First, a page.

I have to respectfully disagree with much of Mark's vision. I do agree that short predictable
release cycles are good. Release cycles should be short enough that if something misses a
release window waiting until the next window is not a major problem. Allowing code to be
released when it is ready and not generating pressure to release something before it is ready.
Arguments that say we should do X now because another project is going to use the release we
are preparing are completely inappropriate. If code can not stand on it's own merits it
should not stand.
Much of what Mark has described is process oriented and ignores the developer who makes code
changes only because they have an itch. If you don't make room for itch scratching developers
you loose much of the vibrancy and vitality you otherwise would have had.
I find the idea of multiple distributions coordinating intentionally on a single release of a
product with the knowledge of the community of that product suspicions. This seems to say to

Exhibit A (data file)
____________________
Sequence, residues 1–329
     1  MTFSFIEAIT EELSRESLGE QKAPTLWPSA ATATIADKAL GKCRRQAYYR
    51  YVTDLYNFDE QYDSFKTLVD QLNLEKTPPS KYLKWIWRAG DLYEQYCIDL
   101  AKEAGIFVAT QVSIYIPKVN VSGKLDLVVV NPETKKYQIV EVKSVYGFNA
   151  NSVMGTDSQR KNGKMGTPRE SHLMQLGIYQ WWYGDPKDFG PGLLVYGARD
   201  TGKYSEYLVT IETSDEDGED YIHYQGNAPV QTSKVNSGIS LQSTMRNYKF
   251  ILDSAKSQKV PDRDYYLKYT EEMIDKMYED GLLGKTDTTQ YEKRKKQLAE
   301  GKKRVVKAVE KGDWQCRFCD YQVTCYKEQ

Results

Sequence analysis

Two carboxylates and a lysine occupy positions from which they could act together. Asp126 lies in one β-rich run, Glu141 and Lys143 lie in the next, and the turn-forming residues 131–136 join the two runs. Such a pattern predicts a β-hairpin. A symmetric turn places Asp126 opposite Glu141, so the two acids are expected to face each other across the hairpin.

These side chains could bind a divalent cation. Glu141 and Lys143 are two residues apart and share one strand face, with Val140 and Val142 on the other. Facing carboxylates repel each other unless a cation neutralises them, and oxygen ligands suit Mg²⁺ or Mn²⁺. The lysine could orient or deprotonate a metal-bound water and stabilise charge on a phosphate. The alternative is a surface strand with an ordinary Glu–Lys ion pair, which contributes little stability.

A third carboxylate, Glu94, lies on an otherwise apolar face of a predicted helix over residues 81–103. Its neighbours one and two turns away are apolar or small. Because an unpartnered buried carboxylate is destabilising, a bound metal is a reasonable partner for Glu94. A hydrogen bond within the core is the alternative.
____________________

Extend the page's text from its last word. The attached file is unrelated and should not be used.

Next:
the software development projects out there: We are the gate between you and users tremble
However I slice it I can not see a project caring when a meta project will use them as a good
thing. It just feels like an excuse to be slopping either because you don't expect your
software to get used or because of extra pressure to include changes because your software
will get used.
Meta projects that have frequent regular releases of what ever is ready when they are building
a release do seem to be a good thing, as that removes the pressure from caring from other
projects. You know if you release something even if it doesn't get used now it will get used
soon enough that it doesn't matter.